How to recognize fake images online

Not a digital forensics specialist? Maybe you’re like most of us who are self-proclaimed image detectives. Online images today can be very misleading and oftentimes even as fake as a synthetic wig on Halloween. As doctored images of all kinds have made it across social media platforms, being able to distinguish between fake and authentic images is a skill.
Luckily, this blog article will help you develop your image detective skills, so you don’t get fooled online.

by Montanna Owens
Three people with images altered to have dog heads
Some fake images are easy to spot – are obviously just for fun!

Are fake images that big of a deal?

Sometimes we might not think about how easy it is for someone to make fake photos that look real. In our digital world, we are constantly bombarded with photos all day every day, especially if you’re an active social media user. Don’t be mistaken – the existence of fake or doctored images is not new, but the tools used to create them have gotten better. Fake images can be quite dangerous as they can lead many people to believe misinformation about a specific topic or person. And if a viewer sees specific fake image and does not take the time to check its authenticity, they may then share or forward it and contribute to spreading the misinformation.

Producing fake images to sway people into having a specific opinion is a form of manipulation that unfortunately happens all of the time on social media platforms. This can be dangerous for the younger generation as they may not have the know-how to check information that is being presented to them.

Artificial intelligence and deepfakes

Since we are living in a more digital world, the rise of deepfakes is among us. This is when deceptively realistic looking, manipulated images, audio, or video recordings are generated using AI (artificial intelligence). These photos, audio recordings, and videos can convince viewers that what they are witnessing is real or accurate because the deceptions seem so authentic. Deepfakes can take the face of someone else and swap it with another to make it seem like they are the ones posing for the image or interacting in a video. This is done to represent someone in a different context to make them appear bad, ridiculous, or out of character. For example, swapping faces with a government official and having them do TikTok dances. The use of deepfakes emphasizes how AI can generate fake images with people’s faces.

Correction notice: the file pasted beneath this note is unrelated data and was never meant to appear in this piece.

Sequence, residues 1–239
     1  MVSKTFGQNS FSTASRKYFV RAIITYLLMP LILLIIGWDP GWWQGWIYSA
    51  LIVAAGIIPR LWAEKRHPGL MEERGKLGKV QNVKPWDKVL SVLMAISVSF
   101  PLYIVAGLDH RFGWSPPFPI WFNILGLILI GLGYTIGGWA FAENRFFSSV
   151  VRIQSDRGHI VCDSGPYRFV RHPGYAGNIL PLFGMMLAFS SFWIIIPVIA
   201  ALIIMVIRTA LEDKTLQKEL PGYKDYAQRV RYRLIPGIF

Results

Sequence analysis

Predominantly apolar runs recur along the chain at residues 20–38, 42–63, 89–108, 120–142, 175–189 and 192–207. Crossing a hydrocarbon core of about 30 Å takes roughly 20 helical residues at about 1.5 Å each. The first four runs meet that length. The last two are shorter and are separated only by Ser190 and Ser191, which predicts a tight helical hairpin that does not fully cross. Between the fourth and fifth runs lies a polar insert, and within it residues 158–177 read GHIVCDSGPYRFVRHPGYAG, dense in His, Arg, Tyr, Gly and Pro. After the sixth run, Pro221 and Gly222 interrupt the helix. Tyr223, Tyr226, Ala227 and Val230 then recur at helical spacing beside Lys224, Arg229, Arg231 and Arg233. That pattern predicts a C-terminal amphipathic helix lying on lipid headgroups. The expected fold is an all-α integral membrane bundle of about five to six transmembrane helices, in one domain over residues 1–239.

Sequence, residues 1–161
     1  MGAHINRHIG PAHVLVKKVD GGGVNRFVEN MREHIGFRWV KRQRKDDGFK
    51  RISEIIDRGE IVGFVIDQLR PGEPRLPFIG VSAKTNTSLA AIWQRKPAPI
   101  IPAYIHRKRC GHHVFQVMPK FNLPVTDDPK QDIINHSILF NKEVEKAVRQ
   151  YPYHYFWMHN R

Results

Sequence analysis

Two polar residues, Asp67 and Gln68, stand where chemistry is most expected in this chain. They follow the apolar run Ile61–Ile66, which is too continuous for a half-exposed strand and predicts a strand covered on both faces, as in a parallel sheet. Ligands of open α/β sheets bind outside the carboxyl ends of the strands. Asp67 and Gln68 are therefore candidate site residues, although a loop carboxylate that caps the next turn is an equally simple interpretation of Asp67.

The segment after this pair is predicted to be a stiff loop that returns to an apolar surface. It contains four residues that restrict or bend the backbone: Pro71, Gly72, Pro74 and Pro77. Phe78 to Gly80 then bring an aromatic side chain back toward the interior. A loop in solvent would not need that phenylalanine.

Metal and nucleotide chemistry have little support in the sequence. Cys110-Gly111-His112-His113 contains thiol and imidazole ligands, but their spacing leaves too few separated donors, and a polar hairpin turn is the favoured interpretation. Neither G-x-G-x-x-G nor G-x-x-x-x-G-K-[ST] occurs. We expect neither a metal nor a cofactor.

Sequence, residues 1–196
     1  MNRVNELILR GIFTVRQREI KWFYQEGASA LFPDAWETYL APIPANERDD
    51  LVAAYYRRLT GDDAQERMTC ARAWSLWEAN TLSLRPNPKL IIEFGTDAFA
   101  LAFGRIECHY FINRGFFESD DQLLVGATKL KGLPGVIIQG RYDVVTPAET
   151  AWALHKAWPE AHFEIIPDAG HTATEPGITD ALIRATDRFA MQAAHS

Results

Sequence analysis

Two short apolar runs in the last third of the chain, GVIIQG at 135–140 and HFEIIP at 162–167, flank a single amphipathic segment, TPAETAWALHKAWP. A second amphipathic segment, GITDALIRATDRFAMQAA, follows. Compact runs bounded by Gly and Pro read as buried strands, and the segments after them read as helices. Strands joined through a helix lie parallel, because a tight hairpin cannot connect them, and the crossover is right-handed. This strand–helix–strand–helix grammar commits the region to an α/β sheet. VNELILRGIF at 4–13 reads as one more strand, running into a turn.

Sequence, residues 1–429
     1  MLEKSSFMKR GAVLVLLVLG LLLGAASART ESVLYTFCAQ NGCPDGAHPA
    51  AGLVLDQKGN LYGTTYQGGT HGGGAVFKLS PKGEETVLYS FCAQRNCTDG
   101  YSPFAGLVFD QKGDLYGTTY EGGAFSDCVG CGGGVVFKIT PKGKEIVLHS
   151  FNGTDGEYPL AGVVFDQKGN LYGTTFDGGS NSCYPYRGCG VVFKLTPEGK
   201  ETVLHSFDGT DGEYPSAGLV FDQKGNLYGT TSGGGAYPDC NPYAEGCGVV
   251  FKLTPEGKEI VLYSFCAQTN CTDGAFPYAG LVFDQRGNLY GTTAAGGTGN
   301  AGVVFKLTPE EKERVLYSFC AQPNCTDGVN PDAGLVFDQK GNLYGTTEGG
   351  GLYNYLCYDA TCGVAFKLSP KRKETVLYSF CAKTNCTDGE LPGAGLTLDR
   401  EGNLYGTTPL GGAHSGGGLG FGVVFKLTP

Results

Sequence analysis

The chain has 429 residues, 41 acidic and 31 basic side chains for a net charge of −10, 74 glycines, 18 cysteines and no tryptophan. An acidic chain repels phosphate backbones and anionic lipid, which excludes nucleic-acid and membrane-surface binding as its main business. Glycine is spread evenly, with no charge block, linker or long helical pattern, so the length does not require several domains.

Why do people create fake images?

Motivations for making fake photos cover a wide range of possibilities:
  • To appear to have a different identity; This is common in catfishing and other romance scams. (We have previously done a deep dive into these two topics. If you’re curious, feel free to check them out. )
  • Attention seeking
  • To discredit someone
  • To cyberbully someone
  • To spread political disinformation
  • To sway public opinion
  • Emphasize one’s own point of view

Can you identify an AI-generated photo?

AI tools that allow you to generate an image simply by typing in a word is lifechanging. Who doesn’t want to generate a cat smiling at the camera with a sunset in the back? The rise and popular use of these tools can make it hard to differentiate between a real image and an AI-generated photo. There are some noticeable differences between AI-generated photos and ones that have been photoshopped or deep faked.
AI-generated image of cat smiling at sunset
Fake images online can be hard to sift through. Take a closer look – can your cat smile like this?

How to recognize AI-generated photos

  1. Anomalies within the image: Is there anything standing out to you? Does something look off or a bit too perfect? Can a cat really smile like that in real life?
  2. Facial features and accessories: Pay close attention to facial features as well as earrings or any other accessories. These appear as warped in the image after further examination.
  3. Examine the hands: I have noticed from looking at many AI-generated images that feature hands, the hands are a bit wrapped or different from the rest of the image.